Depression is a broad term for a variety of moods, behaviors, and disorders that are caused by different things. It can be hard to classify depression in patients, and without a conclusive diagnostic test, treating the problem is challenging. A new study suggests, however, that one molecule, carried in the blood, can help determine what kind of depression a person has. These findings have been reported in the Proceedings of the National Academy of Sciences (PNAS).
This research was conducted by Bruce McEwen and Carla Nasca, scientists at Rockefeller University, and Natalie Rasgon, of the Stanford University School of Medicine. They found that individuals with major depressive disorder (MDD) have low levels of acetyl-L-carnitine (LAC) in their bloodstream. This work could help improve therapeutics for MDD.
Normally, LAC functions in the brain, helping control metabolic processes and promoting the expression of certain genes. One of those genes regulates the level of glutamate, a critical neurotransmitter that sends signals in the brain, affecting a wide variety of brain functions.
Using animal models, McEwan and Nasca have investigated the connections between mood disorders and LAC. They have shown that LAC can relieve symptoms of depression in mice; the chemical repairs damage caused by an excess of glutamate. Another rodent study showed that LAC reduced behaviors associated with depression as well as lowering neural dysfunction linked to stress in the medial amygdala, a region that may function in social interaction. Because this work showed that LAC probably plays a role in depression, they wanted to see if it was similar in people.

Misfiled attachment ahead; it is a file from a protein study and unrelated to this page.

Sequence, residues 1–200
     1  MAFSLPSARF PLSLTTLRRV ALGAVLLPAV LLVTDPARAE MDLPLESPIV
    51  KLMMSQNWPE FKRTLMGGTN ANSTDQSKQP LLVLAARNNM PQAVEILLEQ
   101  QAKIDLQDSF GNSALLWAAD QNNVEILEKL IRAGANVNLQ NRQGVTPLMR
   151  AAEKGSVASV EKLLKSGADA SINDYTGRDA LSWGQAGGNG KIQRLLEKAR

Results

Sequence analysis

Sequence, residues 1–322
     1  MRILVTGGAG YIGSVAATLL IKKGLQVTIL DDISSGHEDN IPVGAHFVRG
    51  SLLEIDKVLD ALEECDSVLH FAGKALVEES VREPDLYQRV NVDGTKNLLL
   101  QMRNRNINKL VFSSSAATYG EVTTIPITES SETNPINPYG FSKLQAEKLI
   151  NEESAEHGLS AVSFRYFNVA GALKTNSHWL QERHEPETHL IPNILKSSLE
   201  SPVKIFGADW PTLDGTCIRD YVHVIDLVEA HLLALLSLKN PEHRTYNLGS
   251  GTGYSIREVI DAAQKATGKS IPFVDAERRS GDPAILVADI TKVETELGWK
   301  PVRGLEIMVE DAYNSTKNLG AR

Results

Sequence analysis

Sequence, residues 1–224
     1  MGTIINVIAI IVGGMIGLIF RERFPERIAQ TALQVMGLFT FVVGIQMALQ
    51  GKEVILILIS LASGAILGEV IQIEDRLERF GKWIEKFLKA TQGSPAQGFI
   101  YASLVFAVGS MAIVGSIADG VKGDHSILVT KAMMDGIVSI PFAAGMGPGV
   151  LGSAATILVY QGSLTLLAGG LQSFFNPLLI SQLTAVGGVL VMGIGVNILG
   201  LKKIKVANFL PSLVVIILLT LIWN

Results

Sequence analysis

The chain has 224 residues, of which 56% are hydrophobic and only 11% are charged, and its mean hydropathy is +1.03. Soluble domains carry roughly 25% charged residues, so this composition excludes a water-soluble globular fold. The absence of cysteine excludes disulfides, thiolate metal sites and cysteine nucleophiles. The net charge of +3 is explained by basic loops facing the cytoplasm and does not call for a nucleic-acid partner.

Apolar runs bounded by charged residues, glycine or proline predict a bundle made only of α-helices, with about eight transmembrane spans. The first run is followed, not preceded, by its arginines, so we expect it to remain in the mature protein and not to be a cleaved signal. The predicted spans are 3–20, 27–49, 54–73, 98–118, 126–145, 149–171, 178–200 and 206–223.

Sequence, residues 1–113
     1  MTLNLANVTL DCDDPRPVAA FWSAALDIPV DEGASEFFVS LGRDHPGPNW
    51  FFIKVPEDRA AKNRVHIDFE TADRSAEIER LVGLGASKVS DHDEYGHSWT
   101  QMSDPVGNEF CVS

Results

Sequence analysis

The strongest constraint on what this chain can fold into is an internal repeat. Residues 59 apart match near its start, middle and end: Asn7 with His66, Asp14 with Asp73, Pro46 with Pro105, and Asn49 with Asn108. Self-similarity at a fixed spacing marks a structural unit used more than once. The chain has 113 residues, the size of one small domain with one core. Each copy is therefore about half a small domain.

"Our laboratory has a long history of studying the effects of stress on brain circuits implicated in depression," said McEwen. "When Carla brought her initial LAC findings to the lab, this project seemed like an ideal way to combine our expertise with that of clinical researchers at Weill Cornell, Mount Sinai and Stanford."
In this study, they found low LAC levels in people that have MDD, and that patients with depression that had an earlier onset or was more severe had the lowest levels of LAC. It was also low in people that had experienced trauma in childhood, especially women.
"In patients with depression, something is causing a problem in the mechanisms related to the biology of LAC," explained Nasca. "And, surprisingly, the deficiency in LAC is even stronger in patients that don't respond to standard antidepressants."
This work suggests that assessing LAC levels in patients with mood disorders could be a good way to diagnose MDD, and can show whether the depression is severe and linked to childhood trauma.
"These findings should motivate research into the action of LAC on glutamate function and behavioral states," said McEwen. "Additional research into other novel biomarkers to more precisely pinpoint MDD diagnosis could ultimately lead to a different way of thinking about treatments for MDD and other disorders."
"We are excited about this first translational study in humans, and poised to build on our results to identify new treatment targets in the brain,” concluded Ragson.
The video above features Carla Nasca discussing research on PTSD.